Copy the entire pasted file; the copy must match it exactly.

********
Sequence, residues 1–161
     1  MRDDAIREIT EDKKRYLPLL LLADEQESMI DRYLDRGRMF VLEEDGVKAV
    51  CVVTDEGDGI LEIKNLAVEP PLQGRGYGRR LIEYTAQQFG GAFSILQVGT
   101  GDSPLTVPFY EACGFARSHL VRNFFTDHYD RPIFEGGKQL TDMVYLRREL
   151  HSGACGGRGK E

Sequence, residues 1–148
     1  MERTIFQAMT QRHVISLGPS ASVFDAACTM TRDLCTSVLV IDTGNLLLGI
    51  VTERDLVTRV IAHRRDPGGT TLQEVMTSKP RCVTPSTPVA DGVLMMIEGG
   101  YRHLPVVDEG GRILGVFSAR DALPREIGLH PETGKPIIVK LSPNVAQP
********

Sequence, residues 1–161
     1  MRDDAIREIT EDKKRYLPLL LLADEQESMI DRYLDRGRMF VLEEDGVKAV
    51  CVVTDEGDGI LEIKNLAVEP PLQGRGYGRR LIEYTAQQFG GAFSILQVGT
   101  GDSPLTVPFY EACGFARSHL VRNFFTDHYD RPIFEGGKQL TDMVYLRREL
   151  HSGACGGRGK E

Sequence, residues 1–148
     1  MERTIFQAMT QRHVISLGPS ASVFDAACTM TRDLCTSVLV IDTGNLLLGI
    51  VTERDLVTRV IAHRRDPGGT TLQEVMTSKP RCVTPSTPVA DGVLMMIEGG
   101  YRHLPVVDEG GRILGVFSAR DALPREIGLH PETGKPIIVK LSPNVAQP